Camelford water poisoning: Carole Cross inquest verdict due
An inquest verdict is due into the death of a woman affected by the UK's worst mass-water poisoning.
Carole Cross was one of 20,000 Cornish residents affected when aluminium sulphate was accidentally added to Camelford's water supply, 24 years ago.
The 59-year-old died of a rare form of dementia in 2004 and very high levels of aluminium were found in her brain, the Taunton inquest was told.
West Somerset Coroner Michael Rose will deliver his verdict later.
In July 1988, when a relief delivery driver mistakenly tipped 20 tonnes of aluminium sulphate into the wrong tank at Lowermoor treatment works, the chemical - used to treat cloudy water - went straight into Camelford's main water supply.Green hair
Despite being inundated with nearly 1,000 complaints, the then South West Water Authority (SWWA) insisted the water was safe to drink.
It advised customers to disguise the "foul" taste by mixing it with orange juice to make it more palatable.
This advice was the "worst thing" the authority could have done, Professor Chris Exley from Keele University told the inquest because the juice would have affected the body's absorption of aluminium.
Further advice from SWWA to residents to boil the water was also wrong, Prof Exley told the inquest, as that would have increased the concentration of aluminium.
No warnings were issued to the public for nearly three weeks by the water authority, by which time residents had begun to report a range of health issues.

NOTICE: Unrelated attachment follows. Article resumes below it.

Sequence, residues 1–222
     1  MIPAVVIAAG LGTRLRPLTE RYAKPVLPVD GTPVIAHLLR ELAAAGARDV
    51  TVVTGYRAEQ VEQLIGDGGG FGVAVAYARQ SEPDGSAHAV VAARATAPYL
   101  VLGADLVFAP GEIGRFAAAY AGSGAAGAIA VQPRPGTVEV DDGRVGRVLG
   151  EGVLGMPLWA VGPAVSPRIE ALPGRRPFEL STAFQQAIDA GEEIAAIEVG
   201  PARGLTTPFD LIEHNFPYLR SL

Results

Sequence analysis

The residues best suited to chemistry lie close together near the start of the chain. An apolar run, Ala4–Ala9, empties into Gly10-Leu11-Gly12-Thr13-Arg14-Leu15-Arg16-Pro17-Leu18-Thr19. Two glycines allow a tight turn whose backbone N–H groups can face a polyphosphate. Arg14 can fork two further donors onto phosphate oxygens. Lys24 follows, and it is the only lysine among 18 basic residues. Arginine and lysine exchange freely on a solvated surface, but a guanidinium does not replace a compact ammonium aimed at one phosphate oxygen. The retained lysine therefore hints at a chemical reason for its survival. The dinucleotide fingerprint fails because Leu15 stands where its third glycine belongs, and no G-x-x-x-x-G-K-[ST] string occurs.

These included stomach cramps, rashes, diarrhoea, mouth ulcers and aching joints - some residents even said their hair turned green from copper residues.
Mrs Cross and her husband Doug, who had been living on the outskirts of Camelford at the time, later moved to Dulverton in Somerset.
When she died at Taunton's Musgrove Park Hospital in 2004 she had cerebral amyloid angiopathy (CAA) - also known as congophilic angiopathy - a very rare form of dementia.
Post-mortem tests revealed very high levels of aluminium in her brain - levels described by Prof Exley as "beyond belief".
He said even 24 years later, people who lived in Camelford at the time of the poisoning should drink a litre of mineral water with a high silicon content every day as this would help flush aluminium from their bodies.
The inquest also heard evidence from Professor James Nicoll, a neuro-pathologist from the University of Southampton.
He said rodents that were given aluminium in their drinking water as part of an Italian study into possible links between the metal and Alzheimer's developed the same rare form of dementia as Mrs Cross.
Prof Nicoll told the inquest although the link was "possible", further research was needed as well as more funding to carry out more brain scans using advanced technology.